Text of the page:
My winter garden is rapidly coming to an end as warmer weather and longer daylight hours of spring arrive. My Chinese cabbage grew very well this winter, I am pleased to say. I’m going to make one of my favorite salads — Ramen Chinese Cabbage Salad — with the last cuttings. This salad is easy to make and is very healthy, too. How nice to have a healthy vegetable which also tastes great. The salad has plenty of crunch which includes the “surprise” ingredient of dry ramen noodles.
Cranberries add a festive and refreshing touch to holiday meals. The tart flavor of cranberry sauce helps tone down the rich flavors of a large holiday turkey meal. Doesn’t cut the calories of the meal you just ate, but it does cleanse the palate. Last weekend company was visiting — they helped with the cooking. My niece and I created wonderful fresh fruit compote with cranberries and foods on my kitchen counter. We served the dish at almost all meals and discovered it was a satisfying substitute for high-calorie desserts. Guess we found a way to save on calories, after all.
Winter greens such as mustard and collard greens have never been my favorite vegetable. But when a co-worker brought her version of Louisiana-style mustard greens to work one evening, I had a new opinion. This dish was so good. It is flavored with typical Cajun seasonings and bits of ham and simmered slowly on the stove — as in old fashioned southern cooking. Best of all, greens are “good for you” — plenty of healthy benefits. Don’t overlook this often forgotten vegetable; especially when it in season in the fall and winter. Here is my co-worker’s recipe made with mustard greens from my garden.
I grew a bumper crop of jalapeno peppers in my garden this summer; these hot peppers are extremely easy to grow. One of my favorite appetizers at a local restaurant uses these peppers in a dish called “Crab Stuffed Jalapenos.” All summer I’ve attempted to duplicate and copy their recipe using my large crop of jalapeno peppers. Here are several of my variations and results. The stuffed jalapenos are delicious; I do recommend having a large glass of water nearby. Continue reading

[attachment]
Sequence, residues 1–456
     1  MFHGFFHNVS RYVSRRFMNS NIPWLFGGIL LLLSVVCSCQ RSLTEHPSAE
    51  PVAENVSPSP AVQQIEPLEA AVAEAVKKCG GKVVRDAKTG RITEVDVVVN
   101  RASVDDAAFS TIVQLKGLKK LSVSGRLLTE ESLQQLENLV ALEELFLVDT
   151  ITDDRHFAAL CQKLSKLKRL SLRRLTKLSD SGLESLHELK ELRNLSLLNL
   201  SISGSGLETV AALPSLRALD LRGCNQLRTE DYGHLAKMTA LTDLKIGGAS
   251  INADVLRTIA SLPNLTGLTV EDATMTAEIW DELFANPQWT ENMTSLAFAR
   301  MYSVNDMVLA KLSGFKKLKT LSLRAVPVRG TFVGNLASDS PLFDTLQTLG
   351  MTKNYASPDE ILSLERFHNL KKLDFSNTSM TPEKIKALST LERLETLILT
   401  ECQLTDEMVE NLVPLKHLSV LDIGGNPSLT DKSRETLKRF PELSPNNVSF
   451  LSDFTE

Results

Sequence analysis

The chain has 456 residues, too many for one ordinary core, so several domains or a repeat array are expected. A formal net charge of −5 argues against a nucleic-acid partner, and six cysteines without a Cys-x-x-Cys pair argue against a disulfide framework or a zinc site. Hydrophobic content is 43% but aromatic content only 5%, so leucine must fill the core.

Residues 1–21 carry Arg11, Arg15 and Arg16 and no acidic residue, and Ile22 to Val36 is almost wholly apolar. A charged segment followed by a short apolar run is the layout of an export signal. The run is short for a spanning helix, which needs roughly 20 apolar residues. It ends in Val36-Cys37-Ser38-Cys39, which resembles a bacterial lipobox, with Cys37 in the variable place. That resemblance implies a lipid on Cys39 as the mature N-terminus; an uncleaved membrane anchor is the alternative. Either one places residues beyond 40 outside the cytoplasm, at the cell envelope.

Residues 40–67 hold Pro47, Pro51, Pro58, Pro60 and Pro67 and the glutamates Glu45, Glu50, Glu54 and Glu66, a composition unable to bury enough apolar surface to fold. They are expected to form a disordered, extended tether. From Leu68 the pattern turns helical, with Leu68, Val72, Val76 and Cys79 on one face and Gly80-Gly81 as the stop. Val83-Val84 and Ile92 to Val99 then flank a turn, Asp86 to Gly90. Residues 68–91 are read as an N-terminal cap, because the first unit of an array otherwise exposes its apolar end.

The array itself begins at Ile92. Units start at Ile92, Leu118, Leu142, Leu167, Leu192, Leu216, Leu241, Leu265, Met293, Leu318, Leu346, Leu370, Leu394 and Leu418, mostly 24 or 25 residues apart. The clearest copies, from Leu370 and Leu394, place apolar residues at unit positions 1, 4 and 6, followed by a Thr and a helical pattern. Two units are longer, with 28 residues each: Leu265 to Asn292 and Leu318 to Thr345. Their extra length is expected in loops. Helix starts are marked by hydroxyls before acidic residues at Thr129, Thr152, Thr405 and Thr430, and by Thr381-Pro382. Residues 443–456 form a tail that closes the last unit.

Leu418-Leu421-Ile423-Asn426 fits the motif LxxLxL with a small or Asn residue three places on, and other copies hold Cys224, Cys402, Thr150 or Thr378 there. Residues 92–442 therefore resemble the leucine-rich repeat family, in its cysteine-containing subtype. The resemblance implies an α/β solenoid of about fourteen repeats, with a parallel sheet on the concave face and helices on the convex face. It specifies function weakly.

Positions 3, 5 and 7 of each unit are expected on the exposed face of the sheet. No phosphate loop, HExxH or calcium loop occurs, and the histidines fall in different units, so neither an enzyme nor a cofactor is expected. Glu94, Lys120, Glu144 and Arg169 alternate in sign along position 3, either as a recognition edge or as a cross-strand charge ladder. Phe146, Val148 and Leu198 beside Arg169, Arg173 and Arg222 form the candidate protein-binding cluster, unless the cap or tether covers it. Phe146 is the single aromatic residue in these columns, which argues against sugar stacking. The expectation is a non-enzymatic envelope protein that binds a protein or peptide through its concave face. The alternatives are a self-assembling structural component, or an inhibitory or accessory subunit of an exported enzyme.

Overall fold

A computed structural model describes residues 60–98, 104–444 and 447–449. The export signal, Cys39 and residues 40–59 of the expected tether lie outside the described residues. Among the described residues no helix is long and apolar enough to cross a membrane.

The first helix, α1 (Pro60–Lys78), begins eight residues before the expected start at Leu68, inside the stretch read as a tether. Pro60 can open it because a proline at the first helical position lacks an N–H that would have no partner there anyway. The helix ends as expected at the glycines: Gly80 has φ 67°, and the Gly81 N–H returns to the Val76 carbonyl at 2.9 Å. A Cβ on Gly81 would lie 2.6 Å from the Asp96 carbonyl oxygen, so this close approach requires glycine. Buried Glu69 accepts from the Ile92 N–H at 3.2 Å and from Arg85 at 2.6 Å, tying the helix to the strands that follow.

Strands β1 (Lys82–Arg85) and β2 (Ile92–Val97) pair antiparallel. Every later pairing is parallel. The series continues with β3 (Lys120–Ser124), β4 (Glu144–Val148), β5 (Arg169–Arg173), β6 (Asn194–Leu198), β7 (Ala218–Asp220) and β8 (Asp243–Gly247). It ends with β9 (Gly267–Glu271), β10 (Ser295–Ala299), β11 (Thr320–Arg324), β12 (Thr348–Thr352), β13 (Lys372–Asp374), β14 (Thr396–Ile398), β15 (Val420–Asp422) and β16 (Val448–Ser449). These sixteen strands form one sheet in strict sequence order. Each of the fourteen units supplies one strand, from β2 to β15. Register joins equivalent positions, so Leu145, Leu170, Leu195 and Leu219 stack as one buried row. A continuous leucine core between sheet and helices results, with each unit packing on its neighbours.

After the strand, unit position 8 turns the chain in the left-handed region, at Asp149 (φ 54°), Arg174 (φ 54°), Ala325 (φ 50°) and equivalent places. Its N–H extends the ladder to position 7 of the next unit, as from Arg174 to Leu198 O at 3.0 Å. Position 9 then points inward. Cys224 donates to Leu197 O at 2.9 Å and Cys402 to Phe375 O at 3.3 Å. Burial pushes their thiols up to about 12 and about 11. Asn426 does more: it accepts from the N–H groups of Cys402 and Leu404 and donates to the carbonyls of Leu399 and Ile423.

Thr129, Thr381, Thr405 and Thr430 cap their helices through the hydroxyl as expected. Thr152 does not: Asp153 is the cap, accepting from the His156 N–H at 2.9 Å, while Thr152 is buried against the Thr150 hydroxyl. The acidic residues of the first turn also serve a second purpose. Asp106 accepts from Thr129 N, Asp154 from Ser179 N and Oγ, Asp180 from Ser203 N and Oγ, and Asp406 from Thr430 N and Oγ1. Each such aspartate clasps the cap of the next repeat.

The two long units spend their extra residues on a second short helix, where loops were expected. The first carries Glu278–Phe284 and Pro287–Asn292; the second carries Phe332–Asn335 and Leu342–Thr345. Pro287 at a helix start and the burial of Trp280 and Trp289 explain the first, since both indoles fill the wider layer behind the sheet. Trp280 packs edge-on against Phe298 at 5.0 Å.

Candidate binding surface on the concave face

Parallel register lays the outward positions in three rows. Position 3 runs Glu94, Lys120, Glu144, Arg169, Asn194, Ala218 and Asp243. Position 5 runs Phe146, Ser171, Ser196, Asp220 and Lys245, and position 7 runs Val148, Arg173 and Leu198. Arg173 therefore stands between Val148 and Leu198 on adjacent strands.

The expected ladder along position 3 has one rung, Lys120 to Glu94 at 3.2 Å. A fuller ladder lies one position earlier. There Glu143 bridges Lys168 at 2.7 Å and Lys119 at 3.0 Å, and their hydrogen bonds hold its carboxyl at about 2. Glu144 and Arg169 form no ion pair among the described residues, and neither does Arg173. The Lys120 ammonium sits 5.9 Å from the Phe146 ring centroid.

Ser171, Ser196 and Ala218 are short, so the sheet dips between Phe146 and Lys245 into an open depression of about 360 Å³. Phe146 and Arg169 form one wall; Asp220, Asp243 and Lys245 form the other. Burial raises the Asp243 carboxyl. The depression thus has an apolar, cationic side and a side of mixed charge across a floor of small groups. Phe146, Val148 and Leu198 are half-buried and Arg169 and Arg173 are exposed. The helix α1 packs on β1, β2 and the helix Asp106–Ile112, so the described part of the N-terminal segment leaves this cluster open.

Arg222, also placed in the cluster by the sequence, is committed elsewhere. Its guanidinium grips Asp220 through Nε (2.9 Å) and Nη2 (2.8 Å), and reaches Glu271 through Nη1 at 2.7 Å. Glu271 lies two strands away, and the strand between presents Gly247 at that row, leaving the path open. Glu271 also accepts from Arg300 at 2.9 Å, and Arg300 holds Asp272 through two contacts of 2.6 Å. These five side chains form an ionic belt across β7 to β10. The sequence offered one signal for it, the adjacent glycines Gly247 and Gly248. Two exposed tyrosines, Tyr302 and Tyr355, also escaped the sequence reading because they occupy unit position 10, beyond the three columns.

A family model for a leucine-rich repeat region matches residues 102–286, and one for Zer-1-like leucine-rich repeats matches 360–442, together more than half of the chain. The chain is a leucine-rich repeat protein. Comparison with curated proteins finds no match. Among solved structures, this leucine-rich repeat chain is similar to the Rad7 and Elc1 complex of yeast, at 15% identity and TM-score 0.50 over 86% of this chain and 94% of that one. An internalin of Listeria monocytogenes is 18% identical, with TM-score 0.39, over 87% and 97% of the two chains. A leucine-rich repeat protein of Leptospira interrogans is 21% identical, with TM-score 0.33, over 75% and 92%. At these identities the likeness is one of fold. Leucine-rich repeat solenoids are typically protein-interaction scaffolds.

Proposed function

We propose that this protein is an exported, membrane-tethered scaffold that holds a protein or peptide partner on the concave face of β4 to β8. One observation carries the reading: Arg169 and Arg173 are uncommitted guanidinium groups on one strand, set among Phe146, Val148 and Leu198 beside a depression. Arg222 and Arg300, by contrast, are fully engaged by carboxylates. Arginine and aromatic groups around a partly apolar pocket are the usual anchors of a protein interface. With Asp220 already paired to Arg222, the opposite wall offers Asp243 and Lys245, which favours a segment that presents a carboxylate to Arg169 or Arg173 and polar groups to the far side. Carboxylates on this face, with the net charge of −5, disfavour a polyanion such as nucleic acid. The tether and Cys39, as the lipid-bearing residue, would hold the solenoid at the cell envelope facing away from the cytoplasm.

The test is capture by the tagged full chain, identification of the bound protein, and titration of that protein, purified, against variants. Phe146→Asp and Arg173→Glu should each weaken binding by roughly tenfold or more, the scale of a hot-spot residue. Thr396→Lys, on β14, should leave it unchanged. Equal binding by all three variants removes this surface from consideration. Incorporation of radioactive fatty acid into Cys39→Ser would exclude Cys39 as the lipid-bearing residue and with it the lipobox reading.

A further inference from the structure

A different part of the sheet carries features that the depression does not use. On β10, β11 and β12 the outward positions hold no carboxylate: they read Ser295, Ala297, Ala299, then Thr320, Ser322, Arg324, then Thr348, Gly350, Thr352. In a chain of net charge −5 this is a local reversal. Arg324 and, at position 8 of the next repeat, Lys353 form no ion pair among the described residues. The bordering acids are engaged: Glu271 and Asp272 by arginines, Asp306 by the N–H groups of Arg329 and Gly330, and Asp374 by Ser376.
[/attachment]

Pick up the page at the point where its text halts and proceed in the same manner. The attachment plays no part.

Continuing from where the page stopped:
I have three treasured blueberry bushes in my backyard. The oldest ls loaded full of blueberries this year and the fruit ripens in May. I’ve watched the blueberries all spring, hoping I could pick them before the birds found and ate them. I’ve been thinking of recipes to make and decided on this easy dessert, “Blueberry and Apple Crisp.”
I’ve been told that it is it possible to grow tomatoes in the springtime in Louisiana and then to plant another crop in the fall. I love ripe tomatoes and two crops a year seems like a gardener’s dream. But being somewhat an unbeliever, I decided to prove this for myself in September by setting out a large number of tomatoes seedlings. The experiment turned out to be partially successful. Here is some of my autumn tomato crop. Continue reading
My favorite vegetable any time of the year is a ripe and juicy tomato. It has to be a home grown and vine ripe tomato; not the grocery store variety which has been picked early and shipped a long distance. Here’s a savory stewed tomato recipe that I’ve made many times and perfected over the past year. I use both fresh Louisiana Creole tomatoes as well as canned tomatoes and added a few other ingredients for a savory flavor.
I love pickled okra; this year I decided to make pickled okra with the pods growing in my garden. Most recipes for pickled okra make a large batch; I’ve experimented with scaling back the ingredients to accommodate what I can pick from my garden every morning. Continue reading
Eat your vegetables. Never thought that this could include summer squash — squash was not a favorite vegetable when I was young. But over the years, I’ve discovered some tasty ways to prepare this vegetable. I have a plentiful supply of basil and summer squash growing in my garden and found two very similar recipes which include these two ingredients — one is sweet; the other sour.
What’s my favorite summer salad? Simply tomatoes and cucumbers marinated in red wine or balsamic vinegar and olive oil. I could eat this salad every day. The combination can easily be jazzed up, too, with a few other ingredients.